• XAML for .NET 1.1

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    You read that right, Chris Sells points to a company that has created a version of XAML for 1.1. [Andrew Stopford]
    Man, that was fast. Program with XAML today. Looks pretty cool.
  • Longhorn Release Notes

    Bill Evjen earlier talked about his Longhorn Install Experience. In it, he pondered on how many installs he was allowed to do.Well, I came across an article in the Microsoft Knowledge Base that discusses Longhorn's Release Notes. In it, the first bullet point reads as follows:

  • This pre-release product uses product activation technology. You must activate your copy of "Longhorn" within 14 days of installation. You have been provided with a product key that permits 31 activations. All activations will expire after 365 days. After expiration, you cannot log on to this pre-release product.
  • The only thing is, it's hard to tell if this is regarding the version that is on MSDN, or the version we got at PDC. At any rate, that's the skinny.
  • WinFS Wants

    In Longhorn, I want the ability to have a file reside in multiple folders at once. Example:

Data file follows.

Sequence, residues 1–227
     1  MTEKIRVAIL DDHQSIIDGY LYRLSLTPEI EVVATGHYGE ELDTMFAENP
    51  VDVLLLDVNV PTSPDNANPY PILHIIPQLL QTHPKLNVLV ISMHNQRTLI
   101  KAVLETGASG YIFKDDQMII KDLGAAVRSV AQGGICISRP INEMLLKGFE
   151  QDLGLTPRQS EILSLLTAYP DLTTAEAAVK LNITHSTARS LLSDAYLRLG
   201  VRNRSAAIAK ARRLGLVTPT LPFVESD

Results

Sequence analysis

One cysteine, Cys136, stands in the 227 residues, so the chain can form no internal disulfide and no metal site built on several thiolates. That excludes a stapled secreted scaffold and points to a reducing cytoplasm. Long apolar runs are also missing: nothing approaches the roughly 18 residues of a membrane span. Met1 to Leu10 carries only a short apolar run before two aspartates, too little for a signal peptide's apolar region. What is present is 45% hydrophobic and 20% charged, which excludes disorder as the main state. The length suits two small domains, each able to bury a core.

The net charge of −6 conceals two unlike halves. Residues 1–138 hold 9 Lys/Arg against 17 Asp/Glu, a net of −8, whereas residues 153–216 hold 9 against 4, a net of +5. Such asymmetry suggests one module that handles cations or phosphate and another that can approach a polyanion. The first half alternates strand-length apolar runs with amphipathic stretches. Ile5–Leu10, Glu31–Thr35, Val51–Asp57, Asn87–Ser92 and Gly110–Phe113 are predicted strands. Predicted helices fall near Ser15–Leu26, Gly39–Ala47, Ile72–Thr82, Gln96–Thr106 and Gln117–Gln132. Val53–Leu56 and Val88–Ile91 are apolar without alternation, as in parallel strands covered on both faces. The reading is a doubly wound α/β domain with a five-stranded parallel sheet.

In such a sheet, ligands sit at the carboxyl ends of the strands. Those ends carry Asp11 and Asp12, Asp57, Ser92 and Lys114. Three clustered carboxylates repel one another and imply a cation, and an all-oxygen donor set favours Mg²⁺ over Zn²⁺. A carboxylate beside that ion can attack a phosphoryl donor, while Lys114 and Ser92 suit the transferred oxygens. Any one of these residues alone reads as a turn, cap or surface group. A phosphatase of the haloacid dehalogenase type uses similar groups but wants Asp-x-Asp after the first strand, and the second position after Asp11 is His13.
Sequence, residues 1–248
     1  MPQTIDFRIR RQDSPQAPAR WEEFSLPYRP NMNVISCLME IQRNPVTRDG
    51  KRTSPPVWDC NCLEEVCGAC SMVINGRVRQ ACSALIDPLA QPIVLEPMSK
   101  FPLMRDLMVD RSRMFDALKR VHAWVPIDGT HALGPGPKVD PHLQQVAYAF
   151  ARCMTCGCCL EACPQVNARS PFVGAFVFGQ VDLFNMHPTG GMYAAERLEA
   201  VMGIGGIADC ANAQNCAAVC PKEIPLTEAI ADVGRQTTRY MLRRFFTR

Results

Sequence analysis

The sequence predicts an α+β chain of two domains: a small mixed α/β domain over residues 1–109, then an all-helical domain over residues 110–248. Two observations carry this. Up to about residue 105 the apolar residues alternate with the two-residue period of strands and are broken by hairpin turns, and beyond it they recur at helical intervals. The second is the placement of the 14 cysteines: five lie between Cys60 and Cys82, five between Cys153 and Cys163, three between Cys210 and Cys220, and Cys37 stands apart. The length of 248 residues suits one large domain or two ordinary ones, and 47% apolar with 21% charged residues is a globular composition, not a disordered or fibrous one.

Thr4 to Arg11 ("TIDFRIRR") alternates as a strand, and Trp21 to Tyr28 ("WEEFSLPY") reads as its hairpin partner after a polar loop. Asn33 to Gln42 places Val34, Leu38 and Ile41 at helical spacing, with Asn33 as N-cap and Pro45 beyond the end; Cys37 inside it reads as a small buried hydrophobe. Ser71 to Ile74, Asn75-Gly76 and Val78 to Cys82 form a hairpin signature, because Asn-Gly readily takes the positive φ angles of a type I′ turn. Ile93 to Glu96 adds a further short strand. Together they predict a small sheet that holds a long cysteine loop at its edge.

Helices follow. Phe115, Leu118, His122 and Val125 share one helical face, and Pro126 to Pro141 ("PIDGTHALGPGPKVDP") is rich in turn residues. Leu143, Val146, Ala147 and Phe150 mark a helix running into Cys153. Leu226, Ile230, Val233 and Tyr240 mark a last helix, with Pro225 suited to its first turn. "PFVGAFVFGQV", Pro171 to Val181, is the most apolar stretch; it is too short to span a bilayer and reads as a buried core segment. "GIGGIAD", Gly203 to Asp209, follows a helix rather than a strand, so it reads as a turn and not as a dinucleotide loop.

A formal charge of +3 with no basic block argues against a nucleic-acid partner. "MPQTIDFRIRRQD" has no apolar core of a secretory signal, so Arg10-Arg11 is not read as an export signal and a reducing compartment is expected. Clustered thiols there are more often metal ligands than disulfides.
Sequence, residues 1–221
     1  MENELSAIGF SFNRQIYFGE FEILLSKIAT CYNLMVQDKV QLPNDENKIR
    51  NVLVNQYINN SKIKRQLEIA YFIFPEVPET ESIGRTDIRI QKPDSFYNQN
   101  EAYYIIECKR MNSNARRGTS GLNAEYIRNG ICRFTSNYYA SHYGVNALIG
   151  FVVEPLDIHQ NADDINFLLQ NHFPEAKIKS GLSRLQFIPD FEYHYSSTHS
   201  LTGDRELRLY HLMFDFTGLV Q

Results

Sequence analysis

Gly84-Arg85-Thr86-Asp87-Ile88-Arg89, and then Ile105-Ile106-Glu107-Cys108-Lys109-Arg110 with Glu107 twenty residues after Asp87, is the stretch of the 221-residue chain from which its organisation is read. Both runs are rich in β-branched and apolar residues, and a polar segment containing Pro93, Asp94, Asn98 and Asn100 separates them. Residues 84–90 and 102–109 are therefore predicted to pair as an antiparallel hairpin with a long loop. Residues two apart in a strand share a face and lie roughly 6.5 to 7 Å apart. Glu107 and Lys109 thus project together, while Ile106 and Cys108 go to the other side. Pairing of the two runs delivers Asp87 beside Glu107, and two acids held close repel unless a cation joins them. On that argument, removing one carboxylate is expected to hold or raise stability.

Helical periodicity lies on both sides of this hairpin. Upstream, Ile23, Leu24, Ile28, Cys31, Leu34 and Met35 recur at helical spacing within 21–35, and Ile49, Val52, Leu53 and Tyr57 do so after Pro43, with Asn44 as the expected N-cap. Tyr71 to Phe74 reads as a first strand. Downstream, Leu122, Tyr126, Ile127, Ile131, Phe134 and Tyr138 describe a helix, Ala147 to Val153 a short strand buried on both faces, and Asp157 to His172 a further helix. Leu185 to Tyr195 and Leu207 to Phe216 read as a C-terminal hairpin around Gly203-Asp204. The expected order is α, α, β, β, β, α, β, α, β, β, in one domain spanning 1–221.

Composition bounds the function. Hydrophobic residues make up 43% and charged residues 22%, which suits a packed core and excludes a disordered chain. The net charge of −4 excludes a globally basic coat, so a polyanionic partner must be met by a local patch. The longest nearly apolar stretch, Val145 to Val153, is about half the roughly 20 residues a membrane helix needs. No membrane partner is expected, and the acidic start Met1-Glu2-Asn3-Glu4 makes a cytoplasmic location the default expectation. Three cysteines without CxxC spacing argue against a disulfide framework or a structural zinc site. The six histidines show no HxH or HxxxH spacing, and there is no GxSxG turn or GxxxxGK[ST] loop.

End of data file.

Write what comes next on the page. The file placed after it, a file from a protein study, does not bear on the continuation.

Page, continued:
In this post, I discussed having a virtual folder for a website, so I can have the same files referenced in IIS in several locations. This is simply solved by allowing WinFS to take a file and reference it in several locations at once. A “virtual: file, if you will.

    Mike Deem, can you do that?

  • Twilight, eh?

    The Twilight of the PC Era? Hardly. Newsweek must not have had any reporters at PDC. They were right about one thing though. Innovation for innovation's sake is dead. Time to start improving the user experience.
  • Another "Me Too" Article

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    The Register takes it's time to publish another article with information that was available nearly a week ago.....

    The funny thing is, AFAIK Microsoft doesn't even consider Sparkle a Flashkiller. At any rate, kudos to Erin Joyce for coming up with this month's buzzword. Ya scooped everyone.